What are positioning strategies? (Plus types and how-to)

By Indeed Editorial Team

Published 6 July 2022

The Indeed Editorial Team comprises a diverse and talented team of writers, researchers and subject matter experts equipped with Indeed's data and insights to deliver useful tips to help guide your career journey.

Positioning strategies are a way of changing how a brand behaves in the market. It involves that same brand taking stock of both itself and its competitors, examining the different ways in which one stands out from another. Then, the original brand uses these differences to promote itself to customers, winning profits away from competitors and thus strengthening its own position in the market. In this article, we look at what positioning strategies are, their five main types and how to position a brand.

What are positioning strategies?

Companies use positioning strategies to highlight areas where improvement is necessary. Typically, an organisation's upper management examines their performance on the market to see what's going well and if they require any improvement. From these highlighted issues, there's often a particular area that takes absolute priority. This requires an organisation to then strategise how they're going to rectify their market position, as such correction improves market visibility.

Organisations position a new series of strategies that cater foremost to customer needs. This, in conjunction with where that organisation ranks in comparison to its competitors, helps to uncover areas where the organisation can capture its demographic's attention. For example, an online streaming service can offer a wider or a different selection of films and steal customers away from competitors.

Related: What is strategy and why is it important in business?

Types of strategic positioning

The areas that an organisation highlights as part of its brand analysis often inform its subsequent strategies. As several different areas may require improvement, there are several different types of strategic positioning available. Here are the five main types:

1. Price positioning

Strategies based on price are sometimes referred to as 'competitive pricing', where an organisation looks at similar brands and how they're pricing their products. Then, to entice competing customers to change brands, the original brand lowers its prices so much that they're offering the same type of product for a much lower price. Customers see this and can't justify spending more on the same product. Organisations implementing such a strategy anticipate that, because their prices are so low, demand is going to raise enough capital to cover the cost of production while also returning a profit.

Often, organisations price position when there's a noticeable price gap in the market. For example, phone companies may produce and sell a phone as part of a line rather than a standalone product. They may offer the same phone with 25GB of storage at the lowest price, then sell the same phone with 75GB of storage at an increased price. This is so that the company can cater to each price range. There's no room for a competitor to steal customers by offering a lower amount of storage at a lower price for those with a limited budget.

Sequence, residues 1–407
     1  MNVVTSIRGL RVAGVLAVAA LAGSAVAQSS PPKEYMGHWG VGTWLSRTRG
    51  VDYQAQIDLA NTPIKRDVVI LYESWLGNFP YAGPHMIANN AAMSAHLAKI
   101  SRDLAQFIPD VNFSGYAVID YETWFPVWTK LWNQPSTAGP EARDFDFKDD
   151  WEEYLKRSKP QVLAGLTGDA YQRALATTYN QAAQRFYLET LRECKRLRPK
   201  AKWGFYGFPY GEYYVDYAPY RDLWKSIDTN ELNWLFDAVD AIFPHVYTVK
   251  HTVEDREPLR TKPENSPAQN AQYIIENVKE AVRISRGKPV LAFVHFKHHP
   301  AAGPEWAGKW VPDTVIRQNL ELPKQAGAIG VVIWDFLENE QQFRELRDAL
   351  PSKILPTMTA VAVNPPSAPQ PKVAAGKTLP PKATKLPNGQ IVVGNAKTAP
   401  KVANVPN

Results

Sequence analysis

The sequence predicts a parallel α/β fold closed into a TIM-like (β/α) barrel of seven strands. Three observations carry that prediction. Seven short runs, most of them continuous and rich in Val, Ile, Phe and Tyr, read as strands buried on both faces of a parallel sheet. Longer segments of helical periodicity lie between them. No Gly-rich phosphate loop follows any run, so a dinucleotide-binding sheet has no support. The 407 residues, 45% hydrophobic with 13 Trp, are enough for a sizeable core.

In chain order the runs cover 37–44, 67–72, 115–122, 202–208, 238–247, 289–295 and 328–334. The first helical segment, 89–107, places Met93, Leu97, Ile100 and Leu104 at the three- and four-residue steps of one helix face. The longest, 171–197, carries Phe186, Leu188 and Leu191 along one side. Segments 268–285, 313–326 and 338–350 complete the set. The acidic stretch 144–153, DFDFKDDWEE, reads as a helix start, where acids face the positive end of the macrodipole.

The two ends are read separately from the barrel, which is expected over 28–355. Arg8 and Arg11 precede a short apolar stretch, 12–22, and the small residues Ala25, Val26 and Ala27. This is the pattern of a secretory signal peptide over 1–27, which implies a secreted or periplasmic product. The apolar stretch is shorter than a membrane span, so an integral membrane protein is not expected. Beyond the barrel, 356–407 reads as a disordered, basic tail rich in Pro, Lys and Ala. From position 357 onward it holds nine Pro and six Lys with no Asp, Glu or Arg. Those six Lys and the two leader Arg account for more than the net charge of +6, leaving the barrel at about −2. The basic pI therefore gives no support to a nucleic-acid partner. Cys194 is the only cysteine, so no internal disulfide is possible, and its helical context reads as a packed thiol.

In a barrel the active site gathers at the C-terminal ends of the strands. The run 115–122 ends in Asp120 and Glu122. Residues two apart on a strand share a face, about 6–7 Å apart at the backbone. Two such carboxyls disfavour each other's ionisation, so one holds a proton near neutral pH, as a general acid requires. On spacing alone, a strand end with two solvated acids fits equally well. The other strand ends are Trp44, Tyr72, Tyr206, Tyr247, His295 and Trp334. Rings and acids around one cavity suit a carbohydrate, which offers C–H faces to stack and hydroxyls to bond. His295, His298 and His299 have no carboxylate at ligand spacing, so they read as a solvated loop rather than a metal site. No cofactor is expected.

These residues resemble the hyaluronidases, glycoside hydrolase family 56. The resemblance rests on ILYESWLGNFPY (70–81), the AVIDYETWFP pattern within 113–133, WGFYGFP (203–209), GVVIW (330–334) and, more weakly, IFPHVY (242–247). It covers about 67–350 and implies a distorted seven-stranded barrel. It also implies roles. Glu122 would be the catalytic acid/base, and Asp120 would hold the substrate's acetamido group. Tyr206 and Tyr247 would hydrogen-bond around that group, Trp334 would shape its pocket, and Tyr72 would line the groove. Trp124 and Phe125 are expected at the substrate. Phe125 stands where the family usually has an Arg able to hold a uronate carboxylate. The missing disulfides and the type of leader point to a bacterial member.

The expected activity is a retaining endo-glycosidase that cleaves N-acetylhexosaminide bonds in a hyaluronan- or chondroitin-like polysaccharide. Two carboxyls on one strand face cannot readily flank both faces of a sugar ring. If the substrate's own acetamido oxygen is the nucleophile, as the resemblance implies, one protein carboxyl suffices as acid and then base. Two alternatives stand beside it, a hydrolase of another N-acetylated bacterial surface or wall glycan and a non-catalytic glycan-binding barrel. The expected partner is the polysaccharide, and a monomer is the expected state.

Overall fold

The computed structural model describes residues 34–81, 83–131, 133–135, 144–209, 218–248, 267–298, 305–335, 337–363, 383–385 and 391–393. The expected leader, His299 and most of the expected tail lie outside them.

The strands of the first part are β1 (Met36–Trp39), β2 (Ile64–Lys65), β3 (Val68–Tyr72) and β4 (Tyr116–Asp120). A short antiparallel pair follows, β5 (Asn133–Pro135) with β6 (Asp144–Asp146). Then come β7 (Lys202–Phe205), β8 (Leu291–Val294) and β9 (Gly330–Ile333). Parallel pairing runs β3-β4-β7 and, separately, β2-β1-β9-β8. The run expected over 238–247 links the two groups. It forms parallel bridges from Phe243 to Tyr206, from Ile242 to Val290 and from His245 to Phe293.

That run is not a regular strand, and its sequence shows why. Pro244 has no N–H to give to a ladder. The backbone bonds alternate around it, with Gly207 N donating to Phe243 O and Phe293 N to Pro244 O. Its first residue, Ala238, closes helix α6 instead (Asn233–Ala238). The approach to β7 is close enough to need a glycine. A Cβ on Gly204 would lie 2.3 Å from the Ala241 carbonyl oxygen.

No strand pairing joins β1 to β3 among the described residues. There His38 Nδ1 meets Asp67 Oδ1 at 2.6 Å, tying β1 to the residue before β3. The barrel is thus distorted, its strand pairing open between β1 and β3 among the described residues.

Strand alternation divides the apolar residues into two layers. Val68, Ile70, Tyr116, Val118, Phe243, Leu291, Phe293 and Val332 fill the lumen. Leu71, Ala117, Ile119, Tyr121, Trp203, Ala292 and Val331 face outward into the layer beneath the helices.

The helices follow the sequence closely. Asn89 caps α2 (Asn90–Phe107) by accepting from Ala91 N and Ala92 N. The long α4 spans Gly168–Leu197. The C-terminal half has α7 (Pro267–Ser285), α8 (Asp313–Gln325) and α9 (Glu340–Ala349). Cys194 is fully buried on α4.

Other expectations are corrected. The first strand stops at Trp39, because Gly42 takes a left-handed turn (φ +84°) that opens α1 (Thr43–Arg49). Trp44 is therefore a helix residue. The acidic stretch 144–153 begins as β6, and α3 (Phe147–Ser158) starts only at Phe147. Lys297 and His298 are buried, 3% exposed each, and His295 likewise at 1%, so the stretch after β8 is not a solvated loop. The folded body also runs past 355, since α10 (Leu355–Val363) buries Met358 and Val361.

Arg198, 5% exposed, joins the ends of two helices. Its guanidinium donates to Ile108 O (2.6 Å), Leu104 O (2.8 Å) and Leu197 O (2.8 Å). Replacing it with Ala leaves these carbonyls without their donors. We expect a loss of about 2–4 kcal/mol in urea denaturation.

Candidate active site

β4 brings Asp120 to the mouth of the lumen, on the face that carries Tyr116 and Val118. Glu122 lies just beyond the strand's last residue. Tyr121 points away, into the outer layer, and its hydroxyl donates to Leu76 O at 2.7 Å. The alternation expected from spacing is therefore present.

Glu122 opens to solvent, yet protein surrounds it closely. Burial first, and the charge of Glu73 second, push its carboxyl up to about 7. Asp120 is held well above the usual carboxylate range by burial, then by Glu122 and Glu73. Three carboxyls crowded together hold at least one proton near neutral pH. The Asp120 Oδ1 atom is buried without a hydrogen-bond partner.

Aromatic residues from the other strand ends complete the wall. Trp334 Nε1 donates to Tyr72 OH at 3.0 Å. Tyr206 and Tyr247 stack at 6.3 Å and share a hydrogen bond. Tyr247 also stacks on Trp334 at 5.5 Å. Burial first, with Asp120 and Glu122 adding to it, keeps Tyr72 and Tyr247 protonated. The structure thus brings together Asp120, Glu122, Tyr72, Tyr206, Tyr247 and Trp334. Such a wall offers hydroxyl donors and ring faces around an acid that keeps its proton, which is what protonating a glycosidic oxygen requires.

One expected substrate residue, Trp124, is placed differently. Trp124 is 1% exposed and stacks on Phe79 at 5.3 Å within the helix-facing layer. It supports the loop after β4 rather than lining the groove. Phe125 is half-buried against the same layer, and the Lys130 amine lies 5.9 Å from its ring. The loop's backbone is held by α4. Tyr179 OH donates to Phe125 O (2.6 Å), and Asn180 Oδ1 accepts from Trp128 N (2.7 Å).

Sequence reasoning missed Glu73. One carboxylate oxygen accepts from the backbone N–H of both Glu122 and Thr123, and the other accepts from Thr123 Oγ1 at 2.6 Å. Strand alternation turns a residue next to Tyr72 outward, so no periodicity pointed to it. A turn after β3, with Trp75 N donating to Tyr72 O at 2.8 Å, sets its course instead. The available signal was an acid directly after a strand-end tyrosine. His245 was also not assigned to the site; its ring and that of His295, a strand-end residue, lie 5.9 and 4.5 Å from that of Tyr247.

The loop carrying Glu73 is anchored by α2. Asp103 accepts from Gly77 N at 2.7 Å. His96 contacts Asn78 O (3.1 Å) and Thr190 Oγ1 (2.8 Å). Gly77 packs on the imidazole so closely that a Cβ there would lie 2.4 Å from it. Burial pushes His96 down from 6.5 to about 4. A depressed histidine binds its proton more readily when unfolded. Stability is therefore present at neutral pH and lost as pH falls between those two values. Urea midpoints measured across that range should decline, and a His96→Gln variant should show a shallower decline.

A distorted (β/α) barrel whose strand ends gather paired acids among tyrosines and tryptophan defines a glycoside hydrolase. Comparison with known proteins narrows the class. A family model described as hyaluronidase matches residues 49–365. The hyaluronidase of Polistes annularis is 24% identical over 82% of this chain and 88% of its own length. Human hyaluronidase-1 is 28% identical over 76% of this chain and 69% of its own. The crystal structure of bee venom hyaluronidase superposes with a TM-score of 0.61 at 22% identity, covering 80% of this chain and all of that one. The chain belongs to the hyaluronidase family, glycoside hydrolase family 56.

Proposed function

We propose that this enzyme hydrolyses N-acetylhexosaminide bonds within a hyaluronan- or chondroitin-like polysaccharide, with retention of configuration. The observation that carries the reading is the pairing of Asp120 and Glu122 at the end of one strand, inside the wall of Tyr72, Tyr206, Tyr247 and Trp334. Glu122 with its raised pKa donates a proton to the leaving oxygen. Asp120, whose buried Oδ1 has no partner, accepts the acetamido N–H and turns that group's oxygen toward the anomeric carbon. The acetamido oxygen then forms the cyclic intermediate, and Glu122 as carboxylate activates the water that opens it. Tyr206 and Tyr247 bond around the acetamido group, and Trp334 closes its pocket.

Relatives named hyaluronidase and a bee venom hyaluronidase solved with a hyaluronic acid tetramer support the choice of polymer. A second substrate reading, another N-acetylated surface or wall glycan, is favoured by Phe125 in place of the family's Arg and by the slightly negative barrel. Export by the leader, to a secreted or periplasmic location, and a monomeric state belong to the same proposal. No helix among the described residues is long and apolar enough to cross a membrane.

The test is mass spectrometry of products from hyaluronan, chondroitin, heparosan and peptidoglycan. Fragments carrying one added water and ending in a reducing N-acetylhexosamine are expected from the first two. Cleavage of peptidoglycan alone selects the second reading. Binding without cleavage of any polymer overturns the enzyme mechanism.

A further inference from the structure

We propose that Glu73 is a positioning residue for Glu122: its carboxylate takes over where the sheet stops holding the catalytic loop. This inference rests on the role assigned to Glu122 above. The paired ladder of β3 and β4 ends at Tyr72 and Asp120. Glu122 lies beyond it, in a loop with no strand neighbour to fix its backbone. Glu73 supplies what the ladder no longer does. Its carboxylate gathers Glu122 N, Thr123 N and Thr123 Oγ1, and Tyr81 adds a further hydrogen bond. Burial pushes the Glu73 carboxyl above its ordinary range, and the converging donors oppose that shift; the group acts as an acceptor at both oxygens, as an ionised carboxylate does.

2. Competition positioning

Competition-based positioning involves analysing more successful brands to see how they operate. They then use such practices as a starting point for positioning their brand to be something different. The original brand uses a range of marketing techniques to advertise this differentiation, emphasising its positivity and why it makes this brand superior. Essentially, the strategy involves a brand filling a market gap to make their product seem more unique. This links into the aforementioned strategic positioning, as organisations often base their price point on that of their competitors.

3. Product positioning

The third type of strategic positioning is product positioning. This involves an organisation positioning itself on the market through the characteristics of its products and the benefits they have for a customer. For example, in the fashion industry, a retailer may emphasise the positive environmental factors of its clothing. For example, the products may be only made from recycled or sustainable materials. This is appealing to customers, as it reduces their carbon footprint.

As this is the most valuable characteristic that the brand has to offer its customers through its product, it uses it to position itself on the market. The brand communicates itself as one of the only truly sustainable brands by using its brand logo and slogan to capitalise on this defining feature.